The tail rotor driveshaft cover had marks consistent with a main rotor blade impact.


MEDICAL AND PATHOLOGICAL INFORMATION
A postmortem autopsy of the pilot was performed by Rocky Mountain Forensic Services, PLLC. The autopsy report indicated the cause of death as multiple injuries consistent with the reported circumstances.

Toxicology testing was performed by the FAA Civil Aerospace Medical Institute. Testing results were negative for all substances in the screening profile.

ADDITIONAL INFORMATION
The power lines that were struck were not marked with high-visibility marking balls. Federal regulations establish standards for determining obstructions to air navigation. 14 CFR 77.23 states, in part:

(a) An existing object, including a mobile object, is, and a future object would be, an obstruction to air navigation if it is of greater height than any of the following heights or surfaces:
(1) A height of 500 feet above ground level at the site of the object.
(2) A height that is 200 feet above ground level or above the established airport elevation, whichever is higher, within 3 nautical miles of the established reference point of an airport, excluding heliports, with its longest runway more than 3,200 feet in actual length, and that height increases in the proportion of 100 feet for each additional nautical mile of distance from the airport up to a maximum of 500 feet.

The accident occurred about 3.2 nautical miles from RIL, which had a runway measuring 7,000 feet in length.

NTSB Identification: CEN14FA122 
 Nonscheduled 14 CFR Part 135: Air Taxi & Commuter
Accident occurred Monday, January 27, 2014 in Silt, CO
Aircraft: BELL 206L 3, registration: N207DS
Injuries: 3 Fatal.

This is preliminary information, subject to change, and may contain errors. Any errors in this report will be corrected when the final report has been completed. NTSB investigators either traveled in support of this investigation or conducted a significant amount of investigative work without any travel, and used data obtained from various sources to prepare this aircraft accident report.

On January 27, 2014, about 1118 mountain standard time, a Bell model 206L-3 helicopter, N207DS, was destroyed when it impacted a wire and terrain near Silt, Colorado. The pilot and two passengers were fatally injured. The aircraft was registered to and operated by Delta Bravo Sierra Inc. under the provisions of 14 Code of Federal Regulations Part 135 as an on-demand air taxi flight. The helicopter was performing aerial surveillance of power tansmission lines when the accident occurred. Visual meteorological conditions prevailed for the flight, which was not on a flight plan. The local flight originated from the Garfield County Regional Airport (RIL), Rifle, Colorado about 1045.

The operator was contracted by Holy Cross Energy, a local power utility, to perform aerial surveillance of power transmission wires using an infrared camera to detect potential problem areas on the wires. The occupants of the helicopter consisted of the pilot, an employee of Holy Cross Energy, and an employee of HOT/SHOT Infrared Inspections, Inc. It was reported that the helicopter had completed one surveillance flight earlier in the day and landed at RIL where it was refueled before departing on the accident flight. The accident occurred about 3 miles east of RIL. The power lines that were being surveilled by the helicopter at the time of the accident ran in a predominately north-south direction. Another set of power lines owned by Xcel Energy ran in a predominately east-west direction and crossed above the Holy Cross Energy power lines. Two parallel static wires ran from the top of each Xcel Energy tower to the next tower. The helicopter struck the south static wire and subsequently impacted the ground. A witness reported seing the helicopter heading south just prior to the accident.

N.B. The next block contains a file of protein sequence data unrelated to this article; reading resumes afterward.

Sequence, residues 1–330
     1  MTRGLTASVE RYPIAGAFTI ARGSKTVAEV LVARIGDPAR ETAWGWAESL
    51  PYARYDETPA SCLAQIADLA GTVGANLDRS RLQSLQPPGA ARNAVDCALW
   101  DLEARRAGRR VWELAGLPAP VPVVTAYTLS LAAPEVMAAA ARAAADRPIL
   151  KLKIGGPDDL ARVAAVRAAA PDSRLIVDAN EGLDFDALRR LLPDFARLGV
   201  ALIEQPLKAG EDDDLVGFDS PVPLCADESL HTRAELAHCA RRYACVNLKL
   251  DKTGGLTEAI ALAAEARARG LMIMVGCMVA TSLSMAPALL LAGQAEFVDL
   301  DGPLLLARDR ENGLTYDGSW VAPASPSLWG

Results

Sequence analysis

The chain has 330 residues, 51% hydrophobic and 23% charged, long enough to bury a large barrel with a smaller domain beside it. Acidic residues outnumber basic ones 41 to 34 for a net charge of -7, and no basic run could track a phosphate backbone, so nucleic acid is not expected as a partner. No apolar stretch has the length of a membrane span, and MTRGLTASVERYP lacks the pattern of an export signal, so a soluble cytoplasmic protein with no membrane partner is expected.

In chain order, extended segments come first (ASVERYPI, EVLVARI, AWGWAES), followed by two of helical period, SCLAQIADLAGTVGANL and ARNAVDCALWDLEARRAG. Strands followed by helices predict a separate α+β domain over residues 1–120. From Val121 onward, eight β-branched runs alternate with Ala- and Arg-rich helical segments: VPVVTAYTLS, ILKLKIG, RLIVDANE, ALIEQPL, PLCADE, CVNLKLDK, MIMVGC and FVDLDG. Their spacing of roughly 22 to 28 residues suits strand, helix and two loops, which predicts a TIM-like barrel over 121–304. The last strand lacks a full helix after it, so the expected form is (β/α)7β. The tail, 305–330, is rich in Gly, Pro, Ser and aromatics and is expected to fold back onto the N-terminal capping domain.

According to a representative of HOT/SHOT Infrared Inspections, Inc., the contract with Holy Cross Energy required video recording of the entire flight. During examination of the wreckage, two recording devices were found and retained for further examination. One of the recording devices had a secure digital (SD) memory card installed. The SD card slot of the other recording device was empty. A second SD card was not located during the wreckage examination.


West Elk Mountain Rescue and Western State College mountain rescue team help Doug Sheffer, from DBS Helicopters, rescue an injured climber.

 Video shot by Ira Houseweart 

 

Flight for life 

Neil LaRubbio | Oct 29, 2012

Something about helicopter pilots chasing bank robbers, busting spies and saving castaways impressed six-year-old Doug Sheffer. The Whirlybirds television episodes, over 50 years ago, were heroic and exciting and everything he seemed born to do. While his father tried to waylay those childish ambitions, it wasn’t too many decades before Sheffer had owned his own fleet of choppers, a crew of pilots and a backlog of dangerous jobs throughout western Colorado.

A few weeks ago, Sheffer, now owner and sole pilot of DBS Helicopters based out of Grand Junction, Colo., received a call from a Gunnison County sheriff about a hiker that had been found below Snowmass Peak in the West Elk Mountains of Western Colorado. Jeff Lodico, separated from his party, took a bad fall and spent the night out in the cold. When wilderness responders from West Elk Mountain Rescue and Western State Colorado mountain rescue team found him, he had broken all the fingers on one hand, his wrist, his arm, all of his ribs and a lower leg. He had a punctured lung and his skull was fractured. I couldn’t help but watch video of the rescue with awe.

Sheffer honed his helicopter skills after facing ridiculous environmental conditions generated by the West’s extreme geological formations. He took Helicopter Aircrew Training System courses in British Columbia from flight instructors who train Chinook and Blackhawk pilots for the most sophisticated military missions, including navigating unique wind currents along sheer mountainsides. He’d need all that training to rescue Lodico.

I spoke with Sheffer about the rescue and about his work last week. He doesn’t drink. He’s not crazy, and he speaks with a level of calculation and continuity I’ve only heard in aviators.

Read more here:  http://www.hcn.org/hcn/blogs/goat/flight-for-life